borrower. The challenge for those serving this market
is two-fold: how to structure a loan with an interest
rate that can ultimately save borrowers money, and
how to communicate the true cost of the loan to prospective borrowers.
An important component of many fix-and-flip loans
is the ability to finance construction costs, which typically get disbursed over the life of the loan through
construction draws. Instead of rolling those costs into
the initial loan payment, lenders will sometimes charge
interest only on funds that have been dispersed.
When examining mortgage products for clients in
the fix-and-flip space, there are two key questions that
should be asked:
n Will the borrower pay interest on the money required
for the rehab as funds are dispersed over time or will
the investor pay interest on the full amount of the
loan, including the complete construction budget,
regardless of the disbursement schedule?
n What will the disbursement timing and frequency
This is most apparent when looking at the total
interest expense for loans that charge interest only
on funds disbursed versus a loan in which the lender
charges the same interest rate on the full loan amount
established when the loan closes.
Let’s look at an example considering a $600,000 loan
with a 10 percent interest rate — assuming a $500,000
purchase price and an additional $100,000 rehab
budget to be paid out in five equal disbursements
over 10 months.
In the first month, the borrower pays $4,166.67 in
interest. That goes up to $4,333.33 after the first draw
in the second month, then $4,500.00 for the second
draw and so on. A borrower who takes the full amount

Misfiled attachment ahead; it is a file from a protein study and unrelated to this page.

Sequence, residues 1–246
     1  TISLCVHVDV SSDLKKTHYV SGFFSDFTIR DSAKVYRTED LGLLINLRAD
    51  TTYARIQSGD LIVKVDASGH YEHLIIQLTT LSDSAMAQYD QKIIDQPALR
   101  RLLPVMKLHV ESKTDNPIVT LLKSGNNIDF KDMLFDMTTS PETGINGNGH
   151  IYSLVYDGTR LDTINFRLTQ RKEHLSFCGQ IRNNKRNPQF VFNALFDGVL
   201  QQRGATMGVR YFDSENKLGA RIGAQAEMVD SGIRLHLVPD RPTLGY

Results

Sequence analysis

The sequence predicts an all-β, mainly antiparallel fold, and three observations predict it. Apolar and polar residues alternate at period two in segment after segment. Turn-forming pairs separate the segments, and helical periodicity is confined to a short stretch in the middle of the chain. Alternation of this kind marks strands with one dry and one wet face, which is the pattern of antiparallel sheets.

upfront would pay $5,000 interest each month.
Under this scenario, the first borrower would
actually pay $55,833.33 of interest at the end of the
first year compared with $60,000 for the second
borrower. That’s a savings of more than $4, 100 for the
first borrower, with a lender charging interest only on
funds disbursed. In that scenario, the actual interest
paid would net out to a 9. 3 percent interest rate
compared to the quoted 10 percent.
It’s important for originators to clearly explain
exactly how borrowers will be impacted by the interest
rate based on the loan structure. Such nuances can
add significant cost for investors — especially those
financing large portfolios that contain anywhere from a
handful to hundreds of residential properties.
Robert Greenberg is chief marketing officer at Patch of Land.
He is responsible for branding, corporate communications,
lead generation, marketing automation and managing
integrated-marketing activities. Prior to Patch of Land,
Greenberg led the marketing efforts for B2R Finance, where
he helped originate more than $1 billion in real estate investor
loans that led to the industry’s first-ever multi-borrower,
single-family rental securitization. Reach him at
The Interest Rate Shouldn’t
Be the End of the Discussion
Sophisticated borrowers will value originators who provide
a nuanced picture of loans
By Robert Greenberg
While the interest rate is certainly important for real estate investors and homebuyers alike, the wide variety of loan products available
in today’s market makes it critically important for
mortgage originators serving real estate investors to
understand the nuances among these products and
the benefits to their clients.